If you’re wondering how hard it is to find affordable housing in Germany’s capital of Berlin, maybe this will give you an idea – On November 24, a whopping 1,749 people showed up to view a reasonably-priced flat, even though it had only been put on the market the day before.
Located near the Schöneberg Town Hall, the popular flat on the third floor of a 1950s building offers 54 meters of usable space and features two rooms and a balcony. So far nothing to write home about, but what really got people interested was the monthly rent of €550 ($610) per month, including extra costs like heating and water. That’s considered a steal in the German capital, and even more so in the sought-after Schöneberg district, so no one was surprised to see people lining up outside for a viewing. They just didn’t expect over 1,700 of them on the same day.
Photo: Toa Heftiba/Unsplash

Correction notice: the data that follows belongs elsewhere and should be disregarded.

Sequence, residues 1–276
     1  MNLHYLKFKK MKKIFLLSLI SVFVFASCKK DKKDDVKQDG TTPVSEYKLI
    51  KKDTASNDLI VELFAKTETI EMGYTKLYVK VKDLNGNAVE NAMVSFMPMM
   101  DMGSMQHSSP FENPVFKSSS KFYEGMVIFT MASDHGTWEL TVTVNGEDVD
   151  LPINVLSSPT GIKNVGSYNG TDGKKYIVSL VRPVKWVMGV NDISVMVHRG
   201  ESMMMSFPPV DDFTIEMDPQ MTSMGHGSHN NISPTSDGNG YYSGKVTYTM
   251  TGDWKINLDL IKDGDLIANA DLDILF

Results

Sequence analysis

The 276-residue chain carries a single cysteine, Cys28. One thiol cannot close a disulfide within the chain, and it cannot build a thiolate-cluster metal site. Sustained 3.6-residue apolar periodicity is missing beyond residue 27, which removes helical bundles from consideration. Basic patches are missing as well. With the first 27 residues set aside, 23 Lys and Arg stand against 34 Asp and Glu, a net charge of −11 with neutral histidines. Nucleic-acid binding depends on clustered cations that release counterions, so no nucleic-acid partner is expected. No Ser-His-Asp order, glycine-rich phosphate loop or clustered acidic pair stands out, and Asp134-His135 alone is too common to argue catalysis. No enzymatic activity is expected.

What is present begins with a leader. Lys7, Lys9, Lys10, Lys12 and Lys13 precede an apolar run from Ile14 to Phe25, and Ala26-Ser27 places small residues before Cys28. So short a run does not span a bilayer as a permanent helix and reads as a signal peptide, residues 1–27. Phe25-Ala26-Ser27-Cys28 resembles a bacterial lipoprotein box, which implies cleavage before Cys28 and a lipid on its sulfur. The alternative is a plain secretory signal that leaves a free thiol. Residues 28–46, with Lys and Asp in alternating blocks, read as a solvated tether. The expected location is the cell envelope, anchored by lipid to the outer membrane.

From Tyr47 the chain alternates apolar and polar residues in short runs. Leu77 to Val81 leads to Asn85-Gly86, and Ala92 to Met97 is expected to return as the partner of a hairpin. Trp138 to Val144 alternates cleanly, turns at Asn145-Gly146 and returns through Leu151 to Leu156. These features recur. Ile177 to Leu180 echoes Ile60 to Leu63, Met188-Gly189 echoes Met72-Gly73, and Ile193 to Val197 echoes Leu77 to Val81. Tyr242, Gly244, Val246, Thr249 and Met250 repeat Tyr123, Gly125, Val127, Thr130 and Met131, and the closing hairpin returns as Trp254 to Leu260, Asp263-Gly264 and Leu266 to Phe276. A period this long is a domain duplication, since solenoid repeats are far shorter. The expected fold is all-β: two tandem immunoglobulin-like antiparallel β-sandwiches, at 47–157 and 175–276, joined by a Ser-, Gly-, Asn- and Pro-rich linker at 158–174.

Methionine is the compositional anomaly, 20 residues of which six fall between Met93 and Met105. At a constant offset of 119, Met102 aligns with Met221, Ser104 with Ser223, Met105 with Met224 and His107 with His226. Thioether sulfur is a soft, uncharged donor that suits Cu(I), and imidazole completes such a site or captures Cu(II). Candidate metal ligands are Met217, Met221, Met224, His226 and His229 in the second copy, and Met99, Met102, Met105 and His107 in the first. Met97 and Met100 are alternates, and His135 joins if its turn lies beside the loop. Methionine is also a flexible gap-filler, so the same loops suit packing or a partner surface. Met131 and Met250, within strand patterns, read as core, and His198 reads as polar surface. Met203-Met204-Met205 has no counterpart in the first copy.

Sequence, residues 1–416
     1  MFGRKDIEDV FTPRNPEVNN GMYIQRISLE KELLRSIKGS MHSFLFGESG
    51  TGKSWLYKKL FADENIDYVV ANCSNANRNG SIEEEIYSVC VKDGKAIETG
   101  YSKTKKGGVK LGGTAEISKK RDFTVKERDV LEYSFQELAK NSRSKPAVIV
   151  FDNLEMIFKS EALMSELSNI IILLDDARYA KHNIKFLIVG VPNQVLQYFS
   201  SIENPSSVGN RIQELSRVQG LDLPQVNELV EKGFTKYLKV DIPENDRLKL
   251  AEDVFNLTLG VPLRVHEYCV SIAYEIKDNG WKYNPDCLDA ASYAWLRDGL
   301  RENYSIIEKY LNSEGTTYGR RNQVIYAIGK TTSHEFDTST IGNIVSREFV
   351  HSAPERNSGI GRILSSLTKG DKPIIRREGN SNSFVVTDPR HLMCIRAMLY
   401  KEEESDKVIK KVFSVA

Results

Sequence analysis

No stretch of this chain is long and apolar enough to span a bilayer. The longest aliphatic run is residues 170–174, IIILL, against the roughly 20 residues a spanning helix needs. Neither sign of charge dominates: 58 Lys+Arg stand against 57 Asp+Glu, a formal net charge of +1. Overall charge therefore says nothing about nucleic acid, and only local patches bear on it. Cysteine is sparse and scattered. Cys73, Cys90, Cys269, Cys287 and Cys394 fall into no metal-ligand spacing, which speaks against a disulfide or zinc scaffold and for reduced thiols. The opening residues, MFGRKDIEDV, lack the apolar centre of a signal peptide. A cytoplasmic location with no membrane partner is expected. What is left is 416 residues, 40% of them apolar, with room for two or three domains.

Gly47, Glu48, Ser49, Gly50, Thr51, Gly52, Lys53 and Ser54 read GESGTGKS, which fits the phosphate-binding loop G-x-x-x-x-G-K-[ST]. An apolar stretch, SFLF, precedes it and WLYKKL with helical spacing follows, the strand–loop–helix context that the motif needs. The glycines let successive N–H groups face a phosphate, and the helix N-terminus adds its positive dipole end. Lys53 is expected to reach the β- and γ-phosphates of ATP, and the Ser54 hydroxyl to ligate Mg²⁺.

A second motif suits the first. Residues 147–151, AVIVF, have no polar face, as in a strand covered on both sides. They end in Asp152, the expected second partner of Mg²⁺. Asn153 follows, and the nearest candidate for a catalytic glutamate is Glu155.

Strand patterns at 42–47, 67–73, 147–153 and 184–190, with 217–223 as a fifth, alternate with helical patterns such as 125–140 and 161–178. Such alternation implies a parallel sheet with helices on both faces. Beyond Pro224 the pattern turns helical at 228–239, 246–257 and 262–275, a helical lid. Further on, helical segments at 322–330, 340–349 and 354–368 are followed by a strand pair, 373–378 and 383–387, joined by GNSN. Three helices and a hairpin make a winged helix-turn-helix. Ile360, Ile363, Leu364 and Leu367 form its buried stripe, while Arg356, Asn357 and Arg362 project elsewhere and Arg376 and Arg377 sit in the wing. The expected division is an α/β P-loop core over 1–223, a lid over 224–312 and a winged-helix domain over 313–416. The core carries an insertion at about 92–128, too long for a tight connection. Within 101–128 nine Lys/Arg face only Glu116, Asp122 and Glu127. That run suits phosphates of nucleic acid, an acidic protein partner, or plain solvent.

On the day of the viewing, Meininger Street, where the apartment is located, looked like the scene of a local gathering, with people lining up and real estate agency staff giving instructions through a megaphone. Only groups of 20 to 30 people were allowed into the two-room apartment at once, and only for a short period of time.
Many people described the apartment viewing as a catastrophe, but while some simply said that it reflected the current picture of what housing in Berlin means, others slammed the “greedy” property manager for allowing so many people to take part in the event.
Property manager Rolf Harms told German reporters that allowing nearly 1,800 people to show up for the viewing on the same day was justified because a pre-selection of candidates had already been carried out. Applicants searching for a second home, or with a high income, were not even invited to see the apartment.
The property manager will sift through all the applications and is expected to decide who gets the empty apartment.